Cannes 2014 gave Ryan Gosling’s directorial début some of the worst criticisms any film has received in it’s history. It’s been re-cut and fixed and it still suffering in the hands of the critics. What is the real issue here then? the critics? or Gosling? The fact Gosling has just gone straight into directing and writing has pissed a few critics off. Gosling has worked with some of the best directors in the world including Derek Cianfrance and Nicolas Winding Refn. Surely started to learn his craft while working in the industry? I really don’t want to get into this too much but it seems inevitable that this is the hot topic of the film. What is Lost River about then? Single mother Billy (Christina Hendricks) is struggling to pay the rent and keep a roof over the head of her teenage son Bones (Iain De Caestecker). So she accepts a work offer from her bank manager Dave (Ben Mendelsohn), who runs a bizarre club of creepy cabaret acts as a sideline. Meanwhile, Bones swoons hopelessly for the girl next door, Rat (Saoirse Ronan), and attempts to provide his mother with financial assistance by looting empty homes for valuable scrap metal. During one of these sorties, the teenage crosses paths with a psychopath aptly named Bully (Matt Smith).
It’s safe to say this is an admirable attempt by Ryan Gosling. He has taken various ideas from many film-makers like Winding Refn and David Lynch.It’s a mesmerizing modern gothic fairytale in the heartland of America. It’s very symbolistic of how the financial fall has effected lives in the states in my opinion. Families are struggling a lot, thus we have Billy finding work in a twisted club. Mother’s will go far in order too establish food and shelter for their kids. We have Bones struggling in making a life for himself as a young adult, there is no opportunities for him. Yet again we see the struggle of getting out of poverty. We see the rise of dangerous characters like Bully and Dave, they have power and money. This intimidates people, and they can buy fear and power. The use of the nightclub it truly shows the darker side of desire and fetish. If you have the money your darkest desires can come true. For me it truly is the nightmarish status of our society at the moment. It’s a timeless issue I understand this but I can relate this. The premise is great but it does slack in dialogue sometime. It can be very cheesy and cliché, but the dark undertone of Lost River helps that.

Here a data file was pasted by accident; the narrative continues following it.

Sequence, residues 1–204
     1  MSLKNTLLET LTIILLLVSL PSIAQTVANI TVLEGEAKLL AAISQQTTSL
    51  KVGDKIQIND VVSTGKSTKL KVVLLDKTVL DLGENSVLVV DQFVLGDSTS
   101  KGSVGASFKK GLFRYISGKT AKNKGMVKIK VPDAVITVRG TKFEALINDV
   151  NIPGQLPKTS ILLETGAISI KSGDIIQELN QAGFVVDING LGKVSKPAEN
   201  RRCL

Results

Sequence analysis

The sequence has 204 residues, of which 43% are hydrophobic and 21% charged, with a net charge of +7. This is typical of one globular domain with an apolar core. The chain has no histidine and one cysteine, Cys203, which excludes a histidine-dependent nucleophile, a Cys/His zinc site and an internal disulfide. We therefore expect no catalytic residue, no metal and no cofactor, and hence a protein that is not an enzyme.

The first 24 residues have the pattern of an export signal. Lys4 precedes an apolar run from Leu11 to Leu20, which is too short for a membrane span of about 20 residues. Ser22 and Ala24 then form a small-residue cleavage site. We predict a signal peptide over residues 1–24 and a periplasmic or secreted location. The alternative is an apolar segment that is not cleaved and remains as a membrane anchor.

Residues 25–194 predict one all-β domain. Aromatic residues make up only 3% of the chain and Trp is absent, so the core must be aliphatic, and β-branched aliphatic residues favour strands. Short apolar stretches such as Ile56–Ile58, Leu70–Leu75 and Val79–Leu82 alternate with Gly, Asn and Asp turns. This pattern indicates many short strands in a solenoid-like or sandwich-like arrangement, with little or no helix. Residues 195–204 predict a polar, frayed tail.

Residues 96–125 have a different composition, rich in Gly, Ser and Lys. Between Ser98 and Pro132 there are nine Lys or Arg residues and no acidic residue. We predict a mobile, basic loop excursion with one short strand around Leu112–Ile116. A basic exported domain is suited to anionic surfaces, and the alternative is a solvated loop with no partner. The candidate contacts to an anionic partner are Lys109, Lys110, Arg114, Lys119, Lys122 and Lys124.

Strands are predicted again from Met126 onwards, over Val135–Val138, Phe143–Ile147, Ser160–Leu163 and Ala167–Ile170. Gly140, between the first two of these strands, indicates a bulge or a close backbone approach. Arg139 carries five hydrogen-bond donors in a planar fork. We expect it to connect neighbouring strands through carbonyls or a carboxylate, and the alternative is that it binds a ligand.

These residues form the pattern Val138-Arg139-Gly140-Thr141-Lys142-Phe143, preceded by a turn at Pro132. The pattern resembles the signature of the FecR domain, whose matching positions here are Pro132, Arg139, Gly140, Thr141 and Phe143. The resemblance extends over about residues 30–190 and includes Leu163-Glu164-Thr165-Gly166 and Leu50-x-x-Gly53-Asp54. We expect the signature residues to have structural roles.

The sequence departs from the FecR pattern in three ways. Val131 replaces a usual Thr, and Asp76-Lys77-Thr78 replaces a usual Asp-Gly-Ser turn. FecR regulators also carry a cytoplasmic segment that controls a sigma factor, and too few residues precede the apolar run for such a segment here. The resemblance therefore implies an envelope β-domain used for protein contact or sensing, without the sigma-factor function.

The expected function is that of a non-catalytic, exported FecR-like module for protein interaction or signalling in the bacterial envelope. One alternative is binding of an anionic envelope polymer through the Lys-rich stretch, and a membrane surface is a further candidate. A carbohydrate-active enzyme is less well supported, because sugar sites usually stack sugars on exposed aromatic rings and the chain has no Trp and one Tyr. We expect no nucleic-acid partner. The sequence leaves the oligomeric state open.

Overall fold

For a film about poverty stricken America, the visualization is very lavish and rich. Benoit Debie was a great choice mind you. It’s bright, vivid, focused and over indulgent, the viewer is just spoilt here the use of red and blue is fantastic. But for the type of film we are watching it should be much grainier and rougher in my opinion. Gosling’s imagery is a direct influence of Refn, for me if he intended on this he should of given it his own twist rather than just copy. Cinema will always be homages to the directorial great, there will always be copying and mimicking but you have to give it your own twist. The fact he has created this world is phenomenal, he gave the characters great depth and he established an interesting world. The score gave helps deliver the tone of the film, but yet again seems like a Refn score. His casting choices were great too, Christina Hendricks was a powerhouse of emotion. It’s her best work to date, since Mad Men is finishing this year I hope we will see more of her now. Iain De Caestecker is unknown to me, but he seemed like a younger Gosling role. But he was a great protagonist and developed well throughout. Matt Smith and Saoirse Ronan seemed rather underdeveloped but Smith was menacing along with Mendelhson. Gosling has a future in film-making I think. But he needs to learn his craft more and create his own stamp not copy and stitch other directors themes, methods and tones. But Lost River isn’t as bad as the critics say, don’t let them dictate your opinion on cinema. It’s an art form and should be judged by everyone not a minority.